Users are often curious about “hidden” features that their camera may have, though typically most dSLR models really don’t have many, as long as one carefully goes through all of the Menu and Custom Settings items, and reads through the manual or a guide. However, with so many options and functions, there are a few items that truly are actually a bit hidden away on the Nikon D850. It’s not that the D850 manual doesn’t mention them, or that they can’t be found with careful investigation of the camera, but you may need to have them called to your attention to learn how to locate them and how to take advantage of them. And there are a few button shortcuts to access features and settings that you simply need to learn if you wish to take advantage of, because once you are using your camera, they are not indicated in any menus or button icons.
Some of these features were just listed above in the new features, and several of them are accessed with the i Button when working in the appropriate mode. Others are accessible in the menus but may require an understanding of the options as they are listed, or might require additional steps of sub-menu navigation to locate them.
Information Display and Button Settings – If you first press the Info Button to display the Information Display on the rear Monitor, you can then press most of the camera buttons to change the corresponding settings as you view them on the larger rear screen, rather than on the smaller top Control Panel. For example, you can press the AF Mode Button, and turn the appropriate Command Dial to change the AF-Area Mode and the Focus Mode (see Figure 10 – left). The screen will even indicate which Command Dial to use for each setting. This can also be used for the buttons on the top of the camera such as White Balance and ISO, as well as the BKT (Bracketing) Button and Flash (Zoom-out) Button.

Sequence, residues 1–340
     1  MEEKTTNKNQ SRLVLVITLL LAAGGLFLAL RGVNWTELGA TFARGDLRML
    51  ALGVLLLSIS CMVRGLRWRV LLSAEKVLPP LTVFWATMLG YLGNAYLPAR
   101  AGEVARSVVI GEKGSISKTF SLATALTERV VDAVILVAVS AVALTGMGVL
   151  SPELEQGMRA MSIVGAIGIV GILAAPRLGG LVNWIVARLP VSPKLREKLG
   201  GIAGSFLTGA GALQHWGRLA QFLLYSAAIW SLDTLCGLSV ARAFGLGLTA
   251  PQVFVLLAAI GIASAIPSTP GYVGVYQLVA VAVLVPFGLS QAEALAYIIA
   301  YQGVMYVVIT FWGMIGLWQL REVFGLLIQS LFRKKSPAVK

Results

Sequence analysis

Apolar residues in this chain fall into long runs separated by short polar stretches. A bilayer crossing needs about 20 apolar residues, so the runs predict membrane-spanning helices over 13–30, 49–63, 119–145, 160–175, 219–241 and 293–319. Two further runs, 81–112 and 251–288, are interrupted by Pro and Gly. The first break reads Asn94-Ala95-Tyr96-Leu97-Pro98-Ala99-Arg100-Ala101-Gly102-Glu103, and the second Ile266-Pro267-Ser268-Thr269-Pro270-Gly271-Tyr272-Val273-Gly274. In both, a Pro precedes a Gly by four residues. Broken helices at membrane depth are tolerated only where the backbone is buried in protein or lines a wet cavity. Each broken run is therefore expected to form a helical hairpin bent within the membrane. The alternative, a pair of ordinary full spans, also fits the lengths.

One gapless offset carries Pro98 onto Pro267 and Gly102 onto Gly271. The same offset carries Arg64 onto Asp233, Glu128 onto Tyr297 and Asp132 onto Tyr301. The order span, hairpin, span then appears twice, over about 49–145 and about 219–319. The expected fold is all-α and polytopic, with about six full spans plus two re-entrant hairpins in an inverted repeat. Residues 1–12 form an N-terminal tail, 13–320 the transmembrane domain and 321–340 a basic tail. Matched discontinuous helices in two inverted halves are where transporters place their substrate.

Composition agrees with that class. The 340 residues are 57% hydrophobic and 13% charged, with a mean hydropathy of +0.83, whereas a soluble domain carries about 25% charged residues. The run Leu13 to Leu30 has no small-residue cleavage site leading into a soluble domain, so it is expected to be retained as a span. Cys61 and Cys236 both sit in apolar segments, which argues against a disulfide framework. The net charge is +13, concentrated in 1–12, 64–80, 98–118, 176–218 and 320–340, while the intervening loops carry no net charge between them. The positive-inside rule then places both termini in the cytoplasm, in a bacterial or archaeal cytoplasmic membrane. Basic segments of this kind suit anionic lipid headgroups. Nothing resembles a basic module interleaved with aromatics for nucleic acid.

Figure 10 – Left: First press the Info Button to display the Information Display, then press most any of the camera buttons to view and change those settings as you view them on the rear Monitor, such as the AF Mode Button for the autofocus settings. Right: Press the i Button during shooting to access the Photo Shooting i Button menu.
i Button Features – The D850 includes the i Button, which is included on most other current Nikon dSLR models. Pressing the i Button when shooting will allow you to access and change several settings using the i Button menu on the rear LCD Monitor, such as Active D-Lighting, Image Area, Long Exposure Noise Reduction, and High ISO Noise Reduction (see Figure 10 – right). It will also allow you to access the Custom Control Assignment menu where you assign the function of various camera buttons including the Pv, Fn1, and BKT Buttons, and the Sub-Selector joystick. When working in Live View, Movie Live View, image playback, and movie playback, the i Button will access a contextual menu for each mode, and in some situations it is the only way to access and change certain of these “hidden” features.
i Button in Live View – For example, the Live View i Button menu will allow you to access the Photo Live View Display White Balance feature. This feature allows you to set the white balance of the Live View screen separately than the white balance that will be used when the image is captured. While this may sound odd, it can come in handy when setting up a shot that will actually be taken with different lighting, such as with a Speedlight or studio strobes. So using this feature, you can set the white balance of the LCD Monitor to better set up the scene in the current lighting. The i Button is also the only way to access the Negative Digitizer, and the Split-Screen Display Zoom during Live View, where you can simultaneously zoom in on two different areas of the frame to help determine if they are level (see Figure 11). This can come in handy for landscape and architectural photographers.
Figure 11 – Live View i Button Menu – Press the i Button when in Live View or in Movie Live View to access the applicable i Button Menu screen and items such as Split-Screen Display Zoom (left). Right: Split-Screen Display Zoom shown in use, to compare two areas of the same scene to help determine if the framing is level.
The Live View i Button Menu can also be used to quickly access Silent Live View Photography and the Peaking Level sensitivity setting for focus peaking. Although the Electronic Front-Curtain Shutter is accessible with Custom Setting d6, and thus isn’t “hidden,” I will mention it here because it can also be accessed with the i Button during Live View. What you need to know is that this feature must be used in conjunction with Mirror Up (Mup), Quiet (Q), or Quiet Continuous (Qc) Release Modes.